Someone I know recently commented, “Quite honestly, I don’t see pensions as being strategic. I cannot see that they play a major role in attracting or retaining the type of people we need for the future.”
Pensions not strategic? Not an effective tool for attracting and retaining key talent? The question made me wonder whether the money spent on pension plans was just “dead dollars,” some leftover from a paternalistic past. Or is there a real role for these plans in supporting corporate business plans?
In today’s economy there’s a supply and demand problem when it comes to key employees. This situation is compounded when the talent pool is shrinking due to demographic factors such as decreasing birth rates, stagnant immigration levels of skilled workers, and an aging population.
Given this increasingly competitive environment, employers need to recognize the personal value that employees attribute to pension plans. Typically, these vary with age. Younger employees generally view pension plans as “nice-to-have but not required.” Older employees place a higher value on the company plan to ensure their retirement income and related quality of life.
Attraction: The right plan for the right demographic
Younger employees: The main concern for employers should be that this younger group might be put off by a poorly designed plan. Anecdotal evidence suggests that younger employees frequently attribute a general lack of management attention to the plan or a lack of autonomy within the plan as the source of their dissatisfaction with it. For example, they may complain the plan is too constraining because it significantly limits their ability to make personal RRSP contributions.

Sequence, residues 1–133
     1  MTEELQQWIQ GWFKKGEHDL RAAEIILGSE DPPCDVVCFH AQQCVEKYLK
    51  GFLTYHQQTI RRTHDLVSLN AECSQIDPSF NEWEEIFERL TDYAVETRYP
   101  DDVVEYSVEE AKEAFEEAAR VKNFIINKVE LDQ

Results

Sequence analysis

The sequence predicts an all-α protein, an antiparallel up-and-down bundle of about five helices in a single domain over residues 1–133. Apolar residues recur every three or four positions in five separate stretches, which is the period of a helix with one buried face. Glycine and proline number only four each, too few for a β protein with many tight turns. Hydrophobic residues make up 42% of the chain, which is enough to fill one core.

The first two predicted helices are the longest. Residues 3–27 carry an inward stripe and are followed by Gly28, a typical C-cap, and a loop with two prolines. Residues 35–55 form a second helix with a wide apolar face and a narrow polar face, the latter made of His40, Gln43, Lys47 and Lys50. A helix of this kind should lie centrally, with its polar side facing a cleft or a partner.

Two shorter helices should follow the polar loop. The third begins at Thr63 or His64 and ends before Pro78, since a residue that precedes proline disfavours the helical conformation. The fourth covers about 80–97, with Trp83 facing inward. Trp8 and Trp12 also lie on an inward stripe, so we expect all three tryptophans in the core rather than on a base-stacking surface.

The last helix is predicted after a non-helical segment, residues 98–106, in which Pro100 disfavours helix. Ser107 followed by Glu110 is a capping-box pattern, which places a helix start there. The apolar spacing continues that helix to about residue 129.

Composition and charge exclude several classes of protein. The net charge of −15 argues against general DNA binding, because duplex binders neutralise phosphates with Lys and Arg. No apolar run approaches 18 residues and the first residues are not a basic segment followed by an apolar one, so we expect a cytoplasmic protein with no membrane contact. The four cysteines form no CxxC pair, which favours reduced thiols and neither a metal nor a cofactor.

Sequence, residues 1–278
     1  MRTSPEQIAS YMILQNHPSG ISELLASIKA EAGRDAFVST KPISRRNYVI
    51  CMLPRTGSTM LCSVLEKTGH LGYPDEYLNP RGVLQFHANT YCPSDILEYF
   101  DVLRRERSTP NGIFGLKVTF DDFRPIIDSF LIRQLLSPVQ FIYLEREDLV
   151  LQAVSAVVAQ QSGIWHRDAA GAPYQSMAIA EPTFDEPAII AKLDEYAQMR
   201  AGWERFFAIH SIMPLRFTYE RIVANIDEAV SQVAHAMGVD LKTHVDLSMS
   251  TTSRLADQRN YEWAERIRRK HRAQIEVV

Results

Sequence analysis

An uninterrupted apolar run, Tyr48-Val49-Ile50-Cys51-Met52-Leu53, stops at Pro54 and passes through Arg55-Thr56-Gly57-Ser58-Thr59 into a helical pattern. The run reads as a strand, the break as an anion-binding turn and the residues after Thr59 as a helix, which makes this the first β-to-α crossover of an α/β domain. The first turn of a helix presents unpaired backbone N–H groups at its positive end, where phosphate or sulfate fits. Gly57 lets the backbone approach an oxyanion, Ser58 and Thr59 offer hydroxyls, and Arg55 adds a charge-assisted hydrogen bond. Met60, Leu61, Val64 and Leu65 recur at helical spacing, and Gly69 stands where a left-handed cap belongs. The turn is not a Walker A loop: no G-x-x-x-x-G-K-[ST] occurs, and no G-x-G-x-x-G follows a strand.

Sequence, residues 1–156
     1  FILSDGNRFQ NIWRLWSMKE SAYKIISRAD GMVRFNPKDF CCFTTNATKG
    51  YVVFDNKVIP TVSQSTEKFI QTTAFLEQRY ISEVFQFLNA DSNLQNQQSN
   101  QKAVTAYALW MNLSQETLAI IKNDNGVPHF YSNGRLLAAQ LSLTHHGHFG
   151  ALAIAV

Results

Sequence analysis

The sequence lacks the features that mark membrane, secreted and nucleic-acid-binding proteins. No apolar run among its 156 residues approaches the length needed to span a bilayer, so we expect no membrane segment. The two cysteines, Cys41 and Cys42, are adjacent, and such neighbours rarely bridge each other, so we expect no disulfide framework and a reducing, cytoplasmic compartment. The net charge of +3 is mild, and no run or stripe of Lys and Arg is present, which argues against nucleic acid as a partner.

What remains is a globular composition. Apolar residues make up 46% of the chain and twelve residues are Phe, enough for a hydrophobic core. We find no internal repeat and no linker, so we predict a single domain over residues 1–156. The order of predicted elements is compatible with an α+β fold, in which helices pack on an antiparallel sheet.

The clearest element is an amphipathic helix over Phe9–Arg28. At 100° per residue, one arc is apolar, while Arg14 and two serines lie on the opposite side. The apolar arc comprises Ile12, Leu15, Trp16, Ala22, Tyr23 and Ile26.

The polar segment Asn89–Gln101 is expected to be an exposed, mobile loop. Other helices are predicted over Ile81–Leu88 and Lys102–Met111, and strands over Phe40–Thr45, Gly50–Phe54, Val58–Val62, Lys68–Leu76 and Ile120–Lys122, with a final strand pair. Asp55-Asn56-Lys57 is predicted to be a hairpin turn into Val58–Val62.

Or, consider a compulsory career-average plan, with required employee contributions of five per cent of earnings and a benefit formula of two per cent per year. A prospective younger employee might be put off by both the mandatory nature of the contributions, plus the fact that he will have no RRSP room. The fact that he will receive a significant Pension Adjustment Reversal (PAR) when he subsequently terminates employment is of no consolation to him.
A defined contribution plan or a savings plan will not create such a negative impression, but neither is it likely to sway an individual to join one company or another.
Mid-career staff: Mid-career individuals will likely take a different view of life. At a minimum, they will anticipate a package of pensions and benefits, even if they are unclear of the details. The absence of a plan might be enough to influence them to look elsewhere.
The key question is whether an employer could offer a plan that was so attractive that it could influence a potential employee to accept an offer of employment. Generally speaking, my reaction would be that money spent on providing a plan that is substantially above average for a particular industry, would be better spent on other types of human resource programs that provide a more obvious bang for the buck. However, the exception to this would be a plan that would cover service earned with the previous employer thus eliminating one of the major disadvantages of switching jobs.
The obvious route to achieving this is to have a reciprocal agreement with a number of other major employers that would allow past service to be recognized in return for a transfer of pension assets. This is being done in Ontario, where the major pension plans all participate in a common reciprocal agreement.